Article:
Anyway. I was certain that the first thing we’d have to do would be decide on what the functions of such a city would be, and acknowledge the fact that they would have to be divided into two broad and necessarily intermingling categories. Not dissimilarly to Innsmouth, on one hand there would have to be normal urban functions such as traffic, commerce, and production, and on the other hand there would have to be the secret functions serving ancient inhuman goals. Both sets of functions would have historically shaped the city, while dialectically tending to the dark soul of Oakmont and allowing for a hefty 1920s urban center to exist and retain its population in pre-Depression New England.
Until the flood* struck, that is, and promptly submerged great chunks of the place under water, while allowing its less advertised set of functions to take over and start inviting every passing Old One to the city. The flood that helped Oakmont’s dark core to emerge and make itself obvious.
Said majestic and terrifying core cannot emerge in an unshaped vacuum though; nor in front of a flimsy, obviously fake urban background. The horrors of the flood and those unearthed by it have to manifest themselves in a city that actually feels and behaves like one. No matter how strange and disturbing Oakmont might at times (and places) be, it will have to feel lived-in and real, and that’s why we have to excavate its present in its history. That is why crafting its detailed history has been so important to me.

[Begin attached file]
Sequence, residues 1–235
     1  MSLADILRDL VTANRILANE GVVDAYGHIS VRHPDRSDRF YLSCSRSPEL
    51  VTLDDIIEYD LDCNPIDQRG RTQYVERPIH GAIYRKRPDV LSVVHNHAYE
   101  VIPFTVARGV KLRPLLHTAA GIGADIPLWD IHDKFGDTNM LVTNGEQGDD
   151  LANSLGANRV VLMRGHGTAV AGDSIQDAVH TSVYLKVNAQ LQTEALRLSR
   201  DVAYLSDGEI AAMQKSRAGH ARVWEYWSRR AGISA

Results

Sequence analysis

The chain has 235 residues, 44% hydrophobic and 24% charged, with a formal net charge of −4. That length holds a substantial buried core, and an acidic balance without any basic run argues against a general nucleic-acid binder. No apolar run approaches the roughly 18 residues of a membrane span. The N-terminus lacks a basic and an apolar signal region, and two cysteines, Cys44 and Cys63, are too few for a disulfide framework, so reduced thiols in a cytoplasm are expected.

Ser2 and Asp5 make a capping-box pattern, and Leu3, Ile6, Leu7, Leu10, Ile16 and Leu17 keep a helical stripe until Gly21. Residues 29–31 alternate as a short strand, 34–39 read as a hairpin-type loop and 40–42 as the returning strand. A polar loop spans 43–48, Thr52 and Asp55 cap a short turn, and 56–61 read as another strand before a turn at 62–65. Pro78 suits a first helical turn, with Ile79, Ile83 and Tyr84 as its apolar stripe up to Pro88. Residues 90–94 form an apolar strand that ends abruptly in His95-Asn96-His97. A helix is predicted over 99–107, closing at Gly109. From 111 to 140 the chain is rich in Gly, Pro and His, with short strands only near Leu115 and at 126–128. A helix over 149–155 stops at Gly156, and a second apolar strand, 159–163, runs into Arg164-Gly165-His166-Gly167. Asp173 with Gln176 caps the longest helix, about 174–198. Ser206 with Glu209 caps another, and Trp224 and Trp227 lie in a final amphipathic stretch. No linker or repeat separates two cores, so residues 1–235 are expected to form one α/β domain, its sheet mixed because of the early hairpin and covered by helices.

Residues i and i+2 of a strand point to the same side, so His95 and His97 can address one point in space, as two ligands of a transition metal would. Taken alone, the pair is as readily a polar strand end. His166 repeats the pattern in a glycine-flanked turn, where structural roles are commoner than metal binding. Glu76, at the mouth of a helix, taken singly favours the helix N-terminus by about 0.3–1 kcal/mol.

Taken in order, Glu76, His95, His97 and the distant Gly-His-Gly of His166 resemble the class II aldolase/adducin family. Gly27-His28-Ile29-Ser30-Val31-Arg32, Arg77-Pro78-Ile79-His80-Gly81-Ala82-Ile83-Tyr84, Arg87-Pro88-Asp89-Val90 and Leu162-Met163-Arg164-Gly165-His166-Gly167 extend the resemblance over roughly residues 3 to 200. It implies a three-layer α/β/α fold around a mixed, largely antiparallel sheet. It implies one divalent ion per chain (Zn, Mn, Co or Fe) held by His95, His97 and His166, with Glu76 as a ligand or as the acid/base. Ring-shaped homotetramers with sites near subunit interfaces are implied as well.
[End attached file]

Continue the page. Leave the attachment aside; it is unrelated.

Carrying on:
It will be –and to a point already is– a history that even when invisible has informed planning choices ranging from the mundane (what street furniture do we need?) to the architectural (how does this temple look like and has it changed during the past 100 years?) to the urbanistic (why is this house here?) to the occult (when were those half-hidden monoliths erected?) to those important matters of everyday life (what do people do on a Sunday evening when not running away from eldritch horrors?). Planning choices both collective and individual, both spontaneous and institutional.
The Sinking City is not being treated as a collection of buildings. Its streets are not merely an opportunity for Frogwares’ artists to show off their skills in creating facades. We are not limiting ourselves to horror or architectural elements either, and the whole team has realized that cities are much more than even their functions. They are way more complex than that. They are the people. The public spaces. The climate, the sky, the smells and colors. The impromptu festivals and the strikes. The looming factories and the old harbour.
In the case of Oakmont the city is also the roaring ’20s, New England, speakeasies, Prohibition, and most emphatically the flood, and we’ll be doing our very best to create a complex, living, breathing Lovecraftian urban environment unlike anything else and possible only in the interactive medium of videogames.
[Konstantinos Dimopoulos is a game designer, writer, urban planner and geographer of cities with a PhD on urban matters and a tendency to consult on games.]
*This is not your average garden-variety New England flood. It is a flood stranger and way more persistent than even the 1936 one that devastated much of New England leaving behind over 150 dead.